Flute Breathing Exercises
Breathing Exercises for the Flautist
Is there any musical sound lovelier than the pure tones of a flute? To play the flute can be such fun and so rewarding, but before you allow yourself to get into bad habits that are so difficult to eradicate, you need to regularly practise breathing exercises and learn to do it the right way. Being able to control one's breath, especially in those long notes, is essential. Control comes from the diaphragm.
How we Breathe
Before beginning flute breathing exercises, we need to understand how we breathe. When we breathe in, we are said to inhale and when we breathe out, we exhale.
Useful flute breathing tips include watching other people to see how they breathe. Then stand in front of a mirror and watch yourself. When we are at rest, we take short, slow breaths in, there is a pause and then we exhale slowly. Breathing more deeply is necessary for playing the flute, however a further breathing tip is: don't overdo it. If the level of oxygen in the blood rises too much, the balance between oxygen and carbon dioxide is changed, causing the PH of the blood to be changed and this can lead to dizzyness. This is why breathing exercises and learning breath control is so necessary.
Clavicular Breathing: When some people take deeper breaths it involves the top part of their chest and you can see their shoulders lift. Air is only taken into the top third of their lungs. This is not good, in fact, it's the worst kind of breathing. It can lead to a lack of oxygen in the blood and this is not good for the whole of the body; it weakens our resistance to disease and especially to a lack of oxygen in the brain. It also leads to constriction of the muscles of the neck, muscle tension, headaches and general dysfunction in the upper cervical area of the spine. Don't do it.
Diaphragmatic Breathing: This is also known as 'abdominal' and 'intercostal' breathing. Deep diaphragmatic breathing delivers more oxygen to the blood and helps to detoxify the body; it helps the body to recover from any problems or diseases that have attacked it. Diaphragmatic breathing is by far the best for our health and also for the flautist. Let me explain how it is done in the following diagram.
This is the healthy way for everyone to breathe, including flautists. Actually we always use the diaphragm when we breathe. Basic flute breathing techniques depend on what we call diaphragmatic breathing and this could just as easily be called belly breathing. By controlling the diaphragm, we control our breathing and for good flute playing control is essential.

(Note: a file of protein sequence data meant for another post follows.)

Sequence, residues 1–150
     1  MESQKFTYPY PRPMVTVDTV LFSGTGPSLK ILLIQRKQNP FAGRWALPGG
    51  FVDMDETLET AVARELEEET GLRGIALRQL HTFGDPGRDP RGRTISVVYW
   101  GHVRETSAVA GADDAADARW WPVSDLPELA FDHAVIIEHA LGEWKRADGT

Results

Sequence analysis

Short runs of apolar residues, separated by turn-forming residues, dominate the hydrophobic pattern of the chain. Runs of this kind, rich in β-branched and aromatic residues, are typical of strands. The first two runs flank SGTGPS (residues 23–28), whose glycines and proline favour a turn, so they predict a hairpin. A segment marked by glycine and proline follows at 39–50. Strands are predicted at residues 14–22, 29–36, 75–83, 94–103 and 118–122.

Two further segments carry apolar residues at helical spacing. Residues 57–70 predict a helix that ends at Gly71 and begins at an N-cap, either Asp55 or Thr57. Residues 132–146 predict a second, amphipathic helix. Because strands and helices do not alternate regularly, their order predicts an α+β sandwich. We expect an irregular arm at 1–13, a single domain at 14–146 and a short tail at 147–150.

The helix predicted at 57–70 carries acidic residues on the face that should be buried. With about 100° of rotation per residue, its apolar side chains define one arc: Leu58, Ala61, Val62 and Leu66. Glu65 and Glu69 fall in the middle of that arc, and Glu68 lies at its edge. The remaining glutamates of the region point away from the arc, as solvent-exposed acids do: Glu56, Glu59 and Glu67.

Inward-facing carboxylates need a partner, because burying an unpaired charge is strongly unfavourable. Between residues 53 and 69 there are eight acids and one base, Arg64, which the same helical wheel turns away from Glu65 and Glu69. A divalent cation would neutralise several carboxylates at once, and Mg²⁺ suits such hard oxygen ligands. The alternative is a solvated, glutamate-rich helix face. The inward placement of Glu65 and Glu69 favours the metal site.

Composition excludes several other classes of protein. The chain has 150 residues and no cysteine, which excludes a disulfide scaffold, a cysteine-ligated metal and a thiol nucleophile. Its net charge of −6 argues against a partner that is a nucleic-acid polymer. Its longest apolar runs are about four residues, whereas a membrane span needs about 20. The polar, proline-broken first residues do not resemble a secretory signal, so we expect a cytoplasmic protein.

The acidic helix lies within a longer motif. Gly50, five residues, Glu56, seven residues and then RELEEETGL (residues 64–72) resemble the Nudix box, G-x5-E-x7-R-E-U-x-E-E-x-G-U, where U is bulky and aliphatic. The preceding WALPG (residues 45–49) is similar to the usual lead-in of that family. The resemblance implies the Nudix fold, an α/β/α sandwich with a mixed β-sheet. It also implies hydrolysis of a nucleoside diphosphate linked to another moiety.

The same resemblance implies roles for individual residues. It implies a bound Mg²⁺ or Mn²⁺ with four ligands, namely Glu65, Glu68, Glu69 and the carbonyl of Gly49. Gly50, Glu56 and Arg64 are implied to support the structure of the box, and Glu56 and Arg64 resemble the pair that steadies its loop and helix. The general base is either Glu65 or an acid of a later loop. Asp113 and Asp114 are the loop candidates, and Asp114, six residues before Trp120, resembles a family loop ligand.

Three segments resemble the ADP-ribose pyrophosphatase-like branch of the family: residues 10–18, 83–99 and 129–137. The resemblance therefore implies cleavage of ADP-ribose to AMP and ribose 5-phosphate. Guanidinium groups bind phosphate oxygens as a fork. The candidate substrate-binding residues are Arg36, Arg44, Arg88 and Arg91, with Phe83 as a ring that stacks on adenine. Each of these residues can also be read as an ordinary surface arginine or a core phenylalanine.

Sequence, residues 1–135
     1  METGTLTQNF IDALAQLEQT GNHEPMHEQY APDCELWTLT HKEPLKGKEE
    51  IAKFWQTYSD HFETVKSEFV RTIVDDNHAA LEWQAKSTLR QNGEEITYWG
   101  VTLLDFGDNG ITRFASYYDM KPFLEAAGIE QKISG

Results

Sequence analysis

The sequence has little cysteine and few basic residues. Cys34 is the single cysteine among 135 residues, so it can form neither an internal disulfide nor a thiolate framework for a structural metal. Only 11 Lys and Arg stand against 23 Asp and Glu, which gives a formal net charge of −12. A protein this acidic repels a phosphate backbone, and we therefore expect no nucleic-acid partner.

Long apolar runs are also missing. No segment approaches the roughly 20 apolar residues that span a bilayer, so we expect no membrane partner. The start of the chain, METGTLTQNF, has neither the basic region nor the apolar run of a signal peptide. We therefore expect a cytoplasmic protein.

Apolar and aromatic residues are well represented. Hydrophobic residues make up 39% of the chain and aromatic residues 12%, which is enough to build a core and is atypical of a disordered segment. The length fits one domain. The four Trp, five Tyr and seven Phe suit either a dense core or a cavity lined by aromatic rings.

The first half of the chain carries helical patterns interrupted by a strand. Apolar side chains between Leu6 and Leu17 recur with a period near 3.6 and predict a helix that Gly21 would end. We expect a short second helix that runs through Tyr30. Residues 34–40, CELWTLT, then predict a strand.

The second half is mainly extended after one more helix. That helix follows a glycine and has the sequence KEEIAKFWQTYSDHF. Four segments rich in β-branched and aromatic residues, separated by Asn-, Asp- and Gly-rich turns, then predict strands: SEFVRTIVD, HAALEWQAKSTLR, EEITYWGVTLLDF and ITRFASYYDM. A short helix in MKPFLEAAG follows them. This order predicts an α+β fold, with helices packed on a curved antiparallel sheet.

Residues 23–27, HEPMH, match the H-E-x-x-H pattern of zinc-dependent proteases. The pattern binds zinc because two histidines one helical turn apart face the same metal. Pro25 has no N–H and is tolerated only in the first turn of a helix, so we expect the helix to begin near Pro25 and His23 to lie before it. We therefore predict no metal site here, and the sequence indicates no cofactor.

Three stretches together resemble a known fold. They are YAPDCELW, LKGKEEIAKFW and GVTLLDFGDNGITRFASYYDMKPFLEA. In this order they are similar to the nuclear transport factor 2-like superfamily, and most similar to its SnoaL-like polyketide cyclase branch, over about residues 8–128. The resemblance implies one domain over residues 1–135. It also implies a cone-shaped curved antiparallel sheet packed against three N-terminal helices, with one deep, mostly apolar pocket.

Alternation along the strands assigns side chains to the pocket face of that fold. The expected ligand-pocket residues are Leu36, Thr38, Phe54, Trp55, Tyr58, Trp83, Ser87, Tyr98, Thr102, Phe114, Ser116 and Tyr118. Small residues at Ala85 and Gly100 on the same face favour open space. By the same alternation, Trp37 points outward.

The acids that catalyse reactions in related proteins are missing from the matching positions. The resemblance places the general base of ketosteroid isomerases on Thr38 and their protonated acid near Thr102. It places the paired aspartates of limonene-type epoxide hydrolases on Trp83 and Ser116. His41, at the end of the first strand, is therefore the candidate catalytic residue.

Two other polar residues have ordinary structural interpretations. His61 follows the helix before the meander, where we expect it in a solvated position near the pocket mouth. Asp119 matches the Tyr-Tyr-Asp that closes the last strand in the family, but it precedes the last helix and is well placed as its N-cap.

The Diagram: Look at the diagram on the right. Did you ever do something like this at school in Science Class?
The bell jar is the chest, the rubber over the base is the diaphragm and the balloon is the lungs. When the diaphragm is pulled down, air is drawn into the balloon, when it is pushed upwards, the air is expelled from the balloon. We need to know about this process so we can understand the importance of flute breathing exercises that help us learn to control our breathing.
The Breathing Exercises
- Get a fairly heavy book. Lie flat on the floor with your knees bent and rest the book on your diaphragm, just below the rib-cage. As you inhale, the book (and your stomach) rises. As you exhale, the book is lowered. Practise this several times, breathing slowly so you learn to control what your body is doing.
- To learn more control, try doing the opposite: As you inhale, let the book lower and as you exhale, let it rise, pushing the book upwards. By doing this exercise you can learn to take deeper breaths and exhale steadily for longer.
- When we breathe normally, it is important to breathe through the nose as this helps to filter the air and also to add humidity and warmth before the air reaches the lungs. However, when playing the flute, we often need to take quick breaths as quietly as possible, so we must grab those breaths through the mouth.
- We often have long notes to play and hold. Standing up, grab a quick breath through the mouth, then blow out slowly with your hands just below your ribs and press your diaphragm against your hands to practise a long, smooth exhalation. Gradually extend the length of time that you can do this.
- To further practise a long, controlled exhalation, try blowing a candle flame so that it remains at the same angle for as long as possible. With practice you will be able to do this for longer, too.
Correct posture is really important for playing the flute. A correct posture aids good breath control. Make sure, whether playing sitting or standing, that your back is straight, your head erect, your feet flat on the floor, and that the flute is held horizontally, that is, at a 90 degree angle. This is vital. All the flute breathing exercises in the world will be for nothing if these rules are ignored.
Correct posture allows proper control of the air being exhaled, as you have been practising with the flute breathing exercises. With a slumped over or twisted body, a bent head and the flute at a strange angle, the air cannot pass smoothly out to do its job. The result is poor control and poor sound; it is detrimental for your body, too.
With these tips about good playing posture and well-practised flute breathing technique, you should do well. Enjoy your flute and have lots of fun!